The phrase loudness war refers to the practice of recording music at progressively higher and higher levels, to create CDs that are as loud as possible. Louder CDs sound louder when played with the same equipment at the same settings. One reason for this practice is that when comparing two CDs, the louder one will sound better on first impression. Higher levels can result in better sounding recordings on low quality reproduction systems, such as web audio formats, AM radio, mono television and telephones, but since most of the material affected is delivered via CD audio, it is largely seen as detrimental to overall quality, given that one of the initial benefits of a CD was its enhanced dynamic range.

To educated ears this practice is unnecessary, since if listeners want to listen to loud music, they can simply turn up the volume on their playback equipment. If a CD is broadcast by a radio station, the station will have its own equipment that flattens everything it broadcasts to the same level, regardless of the original recording's loudness. [1], [2]

This practice often results in a form of distortion known as clipping. [3] The loudness wars have reached a point at which most pop CDs, and many classical and jazz CDs, have large amounts of digital clipping, making them harsh and fatiguing to listen to, especially, ironically, on high quality equipment. [4]

Further, current compression and limiter equipment allows engineers to create a recording that has a nearly uniform dynamic level. [5] When that level is set very close to the maximum allowed by the CD format, this creates nearly non-stop distortion throughout the disk. [6]

This situation has been widely condemned.[7] [8] Some have petitioned their favorite groups to rerelease some CD's with less distortion. [9] Others have even said that recording engineers who knowingly push their recording equipment past clipping should be blacklisted and not allowed to "victimize artists or music lovers." [10]

It should be made clear that this distortion is different from other kinds of distortion such as overdrive or feedback (see Overdrive (music)), which is created by electronic musical instruments, not by the recording process, and which can be an intentional and integral part of the performance (see Jimi Hendrix). Digital clipping is created by recording engineers, not by musicians.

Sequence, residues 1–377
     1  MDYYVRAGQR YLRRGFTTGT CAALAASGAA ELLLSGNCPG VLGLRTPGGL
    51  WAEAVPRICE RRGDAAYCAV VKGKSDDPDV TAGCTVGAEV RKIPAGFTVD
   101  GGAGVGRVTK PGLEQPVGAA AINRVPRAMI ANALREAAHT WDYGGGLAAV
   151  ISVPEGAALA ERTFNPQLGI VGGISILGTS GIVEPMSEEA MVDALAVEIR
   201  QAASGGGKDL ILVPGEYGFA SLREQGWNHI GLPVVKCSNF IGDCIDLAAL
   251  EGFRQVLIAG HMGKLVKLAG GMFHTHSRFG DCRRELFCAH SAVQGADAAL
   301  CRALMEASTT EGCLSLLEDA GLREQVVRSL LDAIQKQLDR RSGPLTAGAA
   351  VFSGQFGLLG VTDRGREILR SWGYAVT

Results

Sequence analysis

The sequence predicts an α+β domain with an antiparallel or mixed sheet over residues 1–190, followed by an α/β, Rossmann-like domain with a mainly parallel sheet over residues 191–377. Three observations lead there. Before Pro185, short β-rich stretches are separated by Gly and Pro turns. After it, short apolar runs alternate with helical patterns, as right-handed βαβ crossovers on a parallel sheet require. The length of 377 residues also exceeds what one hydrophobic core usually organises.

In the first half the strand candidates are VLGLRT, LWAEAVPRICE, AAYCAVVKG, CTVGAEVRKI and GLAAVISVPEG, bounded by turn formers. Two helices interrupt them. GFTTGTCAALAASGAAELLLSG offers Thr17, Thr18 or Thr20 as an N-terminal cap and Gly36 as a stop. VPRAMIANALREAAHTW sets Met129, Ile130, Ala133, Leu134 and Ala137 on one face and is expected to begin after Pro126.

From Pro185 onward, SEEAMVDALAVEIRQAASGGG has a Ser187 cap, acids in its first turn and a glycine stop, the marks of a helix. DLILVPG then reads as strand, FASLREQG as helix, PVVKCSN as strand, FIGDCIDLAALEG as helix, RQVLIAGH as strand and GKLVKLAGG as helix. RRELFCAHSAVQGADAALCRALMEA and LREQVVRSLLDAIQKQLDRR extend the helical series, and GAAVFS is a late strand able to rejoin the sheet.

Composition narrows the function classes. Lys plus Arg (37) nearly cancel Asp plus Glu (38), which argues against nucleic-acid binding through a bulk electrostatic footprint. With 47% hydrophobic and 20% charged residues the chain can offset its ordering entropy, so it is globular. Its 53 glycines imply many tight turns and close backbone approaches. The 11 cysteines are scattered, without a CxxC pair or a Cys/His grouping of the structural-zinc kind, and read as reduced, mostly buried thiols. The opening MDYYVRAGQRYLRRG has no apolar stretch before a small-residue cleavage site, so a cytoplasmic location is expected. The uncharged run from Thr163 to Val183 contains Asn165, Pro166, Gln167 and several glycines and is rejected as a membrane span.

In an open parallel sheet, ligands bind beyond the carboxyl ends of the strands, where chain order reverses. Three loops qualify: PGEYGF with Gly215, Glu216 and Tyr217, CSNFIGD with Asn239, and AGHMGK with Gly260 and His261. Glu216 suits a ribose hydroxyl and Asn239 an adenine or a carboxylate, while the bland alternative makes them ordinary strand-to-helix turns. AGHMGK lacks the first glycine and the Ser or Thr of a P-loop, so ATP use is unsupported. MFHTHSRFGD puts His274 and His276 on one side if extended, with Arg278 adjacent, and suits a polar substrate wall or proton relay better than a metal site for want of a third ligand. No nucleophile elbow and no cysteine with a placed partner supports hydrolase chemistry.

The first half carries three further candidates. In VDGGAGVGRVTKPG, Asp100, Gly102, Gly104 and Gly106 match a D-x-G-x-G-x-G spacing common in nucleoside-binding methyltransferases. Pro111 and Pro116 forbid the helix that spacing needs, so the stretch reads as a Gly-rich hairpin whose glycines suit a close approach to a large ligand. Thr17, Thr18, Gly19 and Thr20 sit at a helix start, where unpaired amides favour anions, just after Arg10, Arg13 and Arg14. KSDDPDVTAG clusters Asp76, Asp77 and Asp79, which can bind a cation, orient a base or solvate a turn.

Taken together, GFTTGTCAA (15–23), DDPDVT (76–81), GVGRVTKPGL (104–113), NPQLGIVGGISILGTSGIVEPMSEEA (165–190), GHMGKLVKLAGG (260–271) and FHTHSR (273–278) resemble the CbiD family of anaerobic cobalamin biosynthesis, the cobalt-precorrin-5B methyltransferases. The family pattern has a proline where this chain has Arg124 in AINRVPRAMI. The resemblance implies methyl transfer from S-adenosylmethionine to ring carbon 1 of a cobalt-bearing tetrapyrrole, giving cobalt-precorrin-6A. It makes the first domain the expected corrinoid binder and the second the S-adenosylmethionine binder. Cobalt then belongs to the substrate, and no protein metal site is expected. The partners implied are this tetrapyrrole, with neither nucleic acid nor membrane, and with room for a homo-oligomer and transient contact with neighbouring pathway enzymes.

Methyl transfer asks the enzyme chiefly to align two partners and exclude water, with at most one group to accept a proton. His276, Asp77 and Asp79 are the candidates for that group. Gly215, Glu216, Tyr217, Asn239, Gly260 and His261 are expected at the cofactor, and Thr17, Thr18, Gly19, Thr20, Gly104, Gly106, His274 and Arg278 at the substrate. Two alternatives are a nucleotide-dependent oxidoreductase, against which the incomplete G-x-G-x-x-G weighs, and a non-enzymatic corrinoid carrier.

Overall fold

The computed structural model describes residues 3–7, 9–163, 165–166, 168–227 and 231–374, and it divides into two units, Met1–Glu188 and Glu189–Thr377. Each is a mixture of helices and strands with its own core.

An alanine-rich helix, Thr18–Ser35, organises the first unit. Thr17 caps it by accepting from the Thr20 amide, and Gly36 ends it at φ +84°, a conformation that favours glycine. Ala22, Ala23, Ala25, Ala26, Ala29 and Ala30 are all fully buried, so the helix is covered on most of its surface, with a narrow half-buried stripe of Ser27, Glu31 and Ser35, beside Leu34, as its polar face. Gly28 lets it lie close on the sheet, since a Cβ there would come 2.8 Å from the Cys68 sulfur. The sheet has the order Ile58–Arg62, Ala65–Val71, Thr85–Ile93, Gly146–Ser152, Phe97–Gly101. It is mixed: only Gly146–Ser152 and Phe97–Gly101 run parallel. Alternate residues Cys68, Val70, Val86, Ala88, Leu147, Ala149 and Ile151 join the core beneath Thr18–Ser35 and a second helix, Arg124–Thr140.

Another consequence of the loudness war is that even if there is no distortion, every song on a CD, and every moment within each song, will have the same dynamic (i.e., loudness) level, with no rise or fall or any sense of dynamic shaping. The music has been flattened against the ceiling, so to speak. Pop music in general has not been interested in the expressive possibilities of crescendos, diminuendos, sudden loudness or quietness, or any of the other dynamic devices available to musicians, but the loudness war has eliminated even the possibility of dynamic expressiveness in recorded pop music.


 
Mar 4, 2006 at 6:16 PM Post #11 of 12

cosmopragma

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Quote:

Originally Posted by mcryptic
I don't have a very good soundcard (soundstorm) and only what you would consider average headphones (A500s) but can anyone verify that it is indeed these awful sounding albums and not my equipment?


It's not your mid-fi gear, it even get's worse when played through a high end rig.
What you are complaining about has nothing to do with distortion caused by utilizing tube guitar amps.This kind of distortion often sounds very good and is common in rock music for more than 40 years now.
The foo fighters CD is totally overcompressed and digitally clipping all the time.I guess I would like some of their songs if they would be mastered properly, but unfortunately the music is totally destroyed by the crappy mastering and unlistenable through decent hifi gear.